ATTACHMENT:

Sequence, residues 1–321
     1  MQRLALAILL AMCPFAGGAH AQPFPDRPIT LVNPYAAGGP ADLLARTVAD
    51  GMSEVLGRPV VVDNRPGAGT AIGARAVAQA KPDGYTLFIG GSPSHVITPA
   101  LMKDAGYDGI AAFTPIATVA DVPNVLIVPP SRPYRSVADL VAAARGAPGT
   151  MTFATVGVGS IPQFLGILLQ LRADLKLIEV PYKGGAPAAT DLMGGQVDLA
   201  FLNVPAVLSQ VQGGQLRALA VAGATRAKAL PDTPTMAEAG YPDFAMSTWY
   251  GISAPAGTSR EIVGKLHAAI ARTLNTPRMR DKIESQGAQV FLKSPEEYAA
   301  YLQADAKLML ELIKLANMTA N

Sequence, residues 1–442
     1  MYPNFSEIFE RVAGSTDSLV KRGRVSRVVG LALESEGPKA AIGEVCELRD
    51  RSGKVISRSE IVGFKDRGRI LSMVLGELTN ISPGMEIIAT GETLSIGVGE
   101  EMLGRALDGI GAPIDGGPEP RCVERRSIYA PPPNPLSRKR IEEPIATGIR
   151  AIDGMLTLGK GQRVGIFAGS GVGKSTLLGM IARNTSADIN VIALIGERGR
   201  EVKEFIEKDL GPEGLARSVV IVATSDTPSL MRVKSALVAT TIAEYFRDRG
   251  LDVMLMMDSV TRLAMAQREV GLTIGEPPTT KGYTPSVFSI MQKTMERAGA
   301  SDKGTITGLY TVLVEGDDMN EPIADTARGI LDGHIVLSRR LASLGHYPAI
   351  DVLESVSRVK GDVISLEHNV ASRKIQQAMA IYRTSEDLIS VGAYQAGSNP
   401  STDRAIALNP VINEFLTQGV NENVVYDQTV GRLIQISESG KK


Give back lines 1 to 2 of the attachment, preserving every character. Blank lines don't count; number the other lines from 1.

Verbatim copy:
Sequence, residues 1–321
     1  MQRLALAILL AMCPFAGGAH AQPFPDRPIT LVNPYAAGGP ADLLARTVAD